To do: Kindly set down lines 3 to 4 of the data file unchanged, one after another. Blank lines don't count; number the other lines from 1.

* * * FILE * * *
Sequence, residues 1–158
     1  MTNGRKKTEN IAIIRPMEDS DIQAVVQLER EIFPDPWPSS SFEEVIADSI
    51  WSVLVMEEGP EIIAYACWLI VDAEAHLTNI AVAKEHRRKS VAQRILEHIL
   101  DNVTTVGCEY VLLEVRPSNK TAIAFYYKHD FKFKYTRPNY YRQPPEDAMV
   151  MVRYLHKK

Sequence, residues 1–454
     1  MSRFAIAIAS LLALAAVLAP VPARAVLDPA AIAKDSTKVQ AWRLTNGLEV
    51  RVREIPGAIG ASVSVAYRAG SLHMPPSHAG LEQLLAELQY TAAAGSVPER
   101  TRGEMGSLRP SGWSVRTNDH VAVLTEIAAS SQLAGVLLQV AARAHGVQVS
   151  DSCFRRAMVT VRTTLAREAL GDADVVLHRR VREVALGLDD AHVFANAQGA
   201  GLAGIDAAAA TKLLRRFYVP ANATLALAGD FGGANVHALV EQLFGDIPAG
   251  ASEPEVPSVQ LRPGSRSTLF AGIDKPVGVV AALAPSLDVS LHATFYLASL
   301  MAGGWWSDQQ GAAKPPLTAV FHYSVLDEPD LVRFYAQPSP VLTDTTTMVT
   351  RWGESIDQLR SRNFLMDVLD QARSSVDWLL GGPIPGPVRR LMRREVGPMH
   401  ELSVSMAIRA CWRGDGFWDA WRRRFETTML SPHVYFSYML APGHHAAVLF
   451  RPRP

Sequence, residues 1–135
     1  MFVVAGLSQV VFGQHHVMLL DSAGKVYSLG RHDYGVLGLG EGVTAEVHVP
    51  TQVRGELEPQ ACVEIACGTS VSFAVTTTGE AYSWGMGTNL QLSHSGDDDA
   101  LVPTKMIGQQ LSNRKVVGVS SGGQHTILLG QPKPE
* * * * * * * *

    51  WSVLVMEEGP EIIAYACWLI VDAEAHLTNI AVAKEHRRKS VAQRILEHIL
   101  DNVTTVGCEY VLLEVRPSNK TAIAFYYKHD FKFKYTRPNY YRQPPEDAMV